To get to our house, you go up a single-track lane lined on both sides with a hedge - not, on the face of it, a very remarkable hedge - it's often untidy to look at, the rabbits have damaged its roots, there are no eye-catching exotics. It's a very English hedgerow. And yet, as we discovered a few years ago, it is an important part of our heritage: living history, home to hundreds of species - mainly insects, which in turn support birds and other wildlife. On the lane we regularly see little owls, barn owls, many finches, woodpeckers, partridges.
This post is for Amanda at Little Foodies, and anyone else who is out foraging for blackberries or sloes .... a little bit about dating hedges, which may turn your afternoon into a history project, as well as a kitchen adventure.
Years ago, Eleanor - then aged about 10 or 11 - and I set about trying to find out the age of the Huntswood hedge. It is obviously ancient: the lane itself is sunken, a sure indicator of age, there are fully mature self-sown oak trees, there is a multiplicity of native species (and no exotics). But exactly how ancient?
Hooper's Rule (first published in 1974 in Hedges by Dr Max Hooper) is:
Age = (no of species in a 30 yard stretch) x 110 + 30 years
Or, to put it another way, pace out a thirty-yard stretch, count the individual woody shrubs and trees, multiply by 110 and add 30 .... and you'll get an idea, a best guess. You have to count all the different types of hawthorn as one species, you mustn't count seedlings, you don't get such a good result if there's elm about (I wish - the elms round here all succumbed to Dutch elm disease in the late 70s early 80s). According to Wikipedia, it doesn't work so well in the north of England. Oh, and it doesn't work at all on a planted hedge, however old.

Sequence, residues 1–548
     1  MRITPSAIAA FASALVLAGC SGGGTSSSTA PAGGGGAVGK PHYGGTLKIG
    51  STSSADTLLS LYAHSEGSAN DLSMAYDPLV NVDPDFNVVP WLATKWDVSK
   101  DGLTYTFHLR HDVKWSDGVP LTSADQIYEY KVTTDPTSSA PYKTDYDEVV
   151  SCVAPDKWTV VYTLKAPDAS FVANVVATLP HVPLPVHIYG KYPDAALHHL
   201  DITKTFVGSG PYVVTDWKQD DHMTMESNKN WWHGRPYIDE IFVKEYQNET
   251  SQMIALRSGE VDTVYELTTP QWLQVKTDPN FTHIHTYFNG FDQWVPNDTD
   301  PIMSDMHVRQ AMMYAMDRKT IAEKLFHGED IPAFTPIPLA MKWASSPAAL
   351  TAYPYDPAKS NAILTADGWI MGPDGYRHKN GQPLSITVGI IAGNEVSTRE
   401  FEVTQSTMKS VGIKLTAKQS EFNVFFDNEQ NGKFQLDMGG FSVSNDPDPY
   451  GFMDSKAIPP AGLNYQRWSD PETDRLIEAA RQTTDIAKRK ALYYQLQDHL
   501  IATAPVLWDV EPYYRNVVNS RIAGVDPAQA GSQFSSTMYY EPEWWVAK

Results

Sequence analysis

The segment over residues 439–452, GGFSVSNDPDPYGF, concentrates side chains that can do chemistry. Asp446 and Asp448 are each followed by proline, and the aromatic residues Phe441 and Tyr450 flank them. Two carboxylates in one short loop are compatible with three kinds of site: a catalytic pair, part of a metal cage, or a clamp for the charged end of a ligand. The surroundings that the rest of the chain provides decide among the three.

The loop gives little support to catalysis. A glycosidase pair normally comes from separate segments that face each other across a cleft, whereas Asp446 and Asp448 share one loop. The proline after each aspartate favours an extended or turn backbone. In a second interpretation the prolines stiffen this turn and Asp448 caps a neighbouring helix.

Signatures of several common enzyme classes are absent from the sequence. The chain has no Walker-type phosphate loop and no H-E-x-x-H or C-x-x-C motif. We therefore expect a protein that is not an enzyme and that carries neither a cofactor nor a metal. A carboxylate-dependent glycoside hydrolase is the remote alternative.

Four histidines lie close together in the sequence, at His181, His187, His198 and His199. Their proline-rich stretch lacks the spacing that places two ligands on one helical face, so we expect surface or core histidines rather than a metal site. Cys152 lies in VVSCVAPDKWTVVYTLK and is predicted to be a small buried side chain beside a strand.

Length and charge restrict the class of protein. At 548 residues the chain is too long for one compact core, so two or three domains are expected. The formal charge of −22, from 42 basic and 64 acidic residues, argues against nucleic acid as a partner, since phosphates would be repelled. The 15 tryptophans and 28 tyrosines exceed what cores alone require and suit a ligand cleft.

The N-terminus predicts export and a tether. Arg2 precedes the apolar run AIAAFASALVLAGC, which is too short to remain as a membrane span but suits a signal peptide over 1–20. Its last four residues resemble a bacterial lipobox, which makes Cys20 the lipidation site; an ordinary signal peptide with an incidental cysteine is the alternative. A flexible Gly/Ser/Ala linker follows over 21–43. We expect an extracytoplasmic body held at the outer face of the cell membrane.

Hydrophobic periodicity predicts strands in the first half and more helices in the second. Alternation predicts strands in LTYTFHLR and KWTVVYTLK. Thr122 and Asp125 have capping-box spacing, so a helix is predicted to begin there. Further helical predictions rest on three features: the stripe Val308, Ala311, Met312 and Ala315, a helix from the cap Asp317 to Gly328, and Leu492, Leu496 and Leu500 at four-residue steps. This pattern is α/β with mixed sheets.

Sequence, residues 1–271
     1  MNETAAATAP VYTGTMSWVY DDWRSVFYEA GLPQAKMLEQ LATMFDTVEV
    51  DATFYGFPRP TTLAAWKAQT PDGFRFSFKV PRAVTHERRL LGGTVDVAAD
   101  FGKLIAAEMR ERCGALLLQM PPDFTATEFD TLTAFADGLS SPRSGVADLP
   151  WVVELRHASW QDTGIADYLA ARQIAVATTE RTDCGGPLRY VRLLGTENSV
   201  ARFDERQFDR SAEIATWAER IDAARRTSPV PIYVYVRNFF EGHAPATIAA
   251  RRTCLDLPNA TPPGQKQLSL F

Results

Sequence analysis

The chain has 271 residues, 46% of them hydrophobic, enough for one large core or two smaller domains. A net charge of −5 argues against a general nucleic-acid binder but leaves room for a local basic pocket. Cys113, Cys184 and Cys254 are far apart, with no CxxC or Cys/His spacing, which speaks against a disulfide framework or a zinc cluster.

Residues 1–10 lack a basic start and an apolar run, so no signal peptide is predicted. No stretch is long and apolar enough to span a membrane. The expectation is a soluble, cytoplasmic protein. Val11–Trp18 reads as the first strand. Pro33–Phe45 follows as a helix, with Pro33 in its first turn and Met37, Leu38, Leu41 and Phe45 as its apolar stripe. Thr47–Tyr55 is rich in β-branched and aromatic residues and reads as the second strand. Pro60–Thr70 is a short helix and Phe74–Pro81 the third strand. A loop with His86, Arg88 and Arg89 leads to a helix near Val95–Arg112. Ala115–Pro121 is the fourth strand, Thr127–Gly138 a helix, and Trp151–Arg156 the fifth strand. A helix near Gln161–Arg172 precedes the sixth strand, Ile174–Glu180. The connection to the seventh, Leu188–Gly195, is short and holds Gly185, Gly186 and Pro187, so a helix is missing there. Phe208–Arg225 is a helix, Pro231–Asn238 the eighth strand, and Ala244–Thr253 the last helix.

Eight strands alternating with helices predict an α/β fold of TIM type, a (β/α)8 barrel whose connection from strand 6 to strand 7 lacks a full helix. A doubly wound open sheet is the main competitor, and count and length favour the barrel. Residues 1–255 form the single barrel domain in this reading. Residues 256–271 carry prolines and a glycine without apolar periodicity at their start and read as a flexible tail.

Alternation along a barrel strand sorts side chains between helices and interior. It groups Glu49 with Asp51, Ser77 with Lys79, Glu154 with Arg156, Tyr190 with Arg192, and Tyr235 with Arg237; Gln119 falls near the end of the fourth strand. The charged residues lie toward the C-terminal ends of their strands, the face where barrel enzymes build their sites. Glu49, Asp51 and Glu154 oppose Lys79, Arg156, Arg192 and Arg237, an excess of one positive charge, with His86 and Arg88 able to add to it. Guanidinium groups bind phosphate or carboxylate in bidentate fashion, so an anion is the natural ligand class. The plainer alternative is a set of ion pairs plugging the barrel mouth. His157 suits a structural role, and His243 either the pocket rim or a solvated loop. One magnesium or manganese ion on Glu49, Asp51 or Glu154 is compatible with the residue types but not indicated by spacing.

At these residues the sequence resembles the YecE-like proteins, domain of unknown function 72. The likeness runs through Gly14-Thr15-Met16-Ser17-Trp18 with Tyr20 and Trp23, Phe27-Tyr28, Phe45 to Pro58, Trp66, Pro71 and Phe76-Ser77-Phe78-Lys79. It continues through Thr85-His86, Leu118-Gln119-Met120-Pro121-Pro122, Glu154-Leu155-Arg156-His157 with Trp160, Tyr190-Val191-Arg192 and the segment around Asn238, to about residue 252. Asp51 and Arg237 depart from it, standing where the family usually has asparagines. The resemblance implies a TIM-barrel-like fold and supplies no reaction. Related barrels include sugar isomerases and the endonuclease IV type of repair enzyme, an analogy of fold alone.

Hooper's Rule is somewhat controversial - we wanted to date the hedge for a public inquiry about whether the lane was a public right of way (new neighbours said not, and spent a great deal of energy trying - fruitlessly, as it turned out - to prevent nice people from walking their dogs there). It's not the kind of evidence that can be accepted on its own, documentary back-up is required (!). It's also better if you do several 30 yard stretches.
But it's fun to do - you may, like us, have to do a bit of work to identify all the different species. The hedge itself, however old it turns out to be, is a piece of living history, the best possible habitat for the widest number of species (better than anything you plant yourself). Once you've completed your survey, the hedge will never be an invisible part of the background for you again. And, of course, you'll know exactly where to go foraging in autumn.
PS, I forgot to say ... we found that this hedge was about 1,000 years old.
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